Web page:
Publication Date

2016-12-29

Availability

Open access

Embargo Period

2016-12-29

Degree Type

Dissertation

Degree Name

Doctor of Education (EDD)

Department

Educational and Psychological Studies (Education)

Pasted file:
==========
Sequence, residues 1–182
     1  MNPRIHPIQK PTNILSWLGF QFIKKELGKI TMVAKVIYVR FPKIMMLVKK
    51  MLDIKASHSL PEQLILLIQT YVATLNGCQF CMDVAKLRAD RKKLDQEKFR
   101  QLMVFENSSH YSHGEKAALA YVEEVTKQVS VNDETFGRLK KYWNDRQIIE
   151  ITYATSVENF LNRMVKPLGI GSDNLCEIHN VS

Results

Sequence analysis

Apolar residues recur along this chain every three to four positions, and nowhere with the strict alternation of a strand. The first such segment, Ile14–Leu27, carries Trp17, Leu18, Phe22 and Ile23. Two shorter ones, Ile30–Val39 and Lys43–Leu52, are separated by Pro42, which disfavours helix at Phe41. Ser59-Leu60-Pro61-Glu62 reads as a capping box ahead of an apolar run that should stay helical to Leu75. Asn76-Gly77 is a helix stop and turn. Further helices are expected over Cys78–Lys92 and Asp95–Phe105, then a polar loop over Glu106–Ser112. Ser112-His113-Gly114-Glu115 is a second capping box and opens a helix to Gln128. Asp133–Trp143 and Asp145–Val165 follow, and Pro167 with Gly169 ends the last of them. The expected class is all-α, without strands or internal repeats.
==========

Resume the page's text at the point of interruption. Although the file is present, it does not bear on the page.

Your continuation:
Date of Defense

2016-12-02

First Committee Member

Soyeon Ahn

Second Committee Member

Scott Ingold

Third Committee Member

Susan Mullane

Fourth Committee Member

Robert Moore

Abstract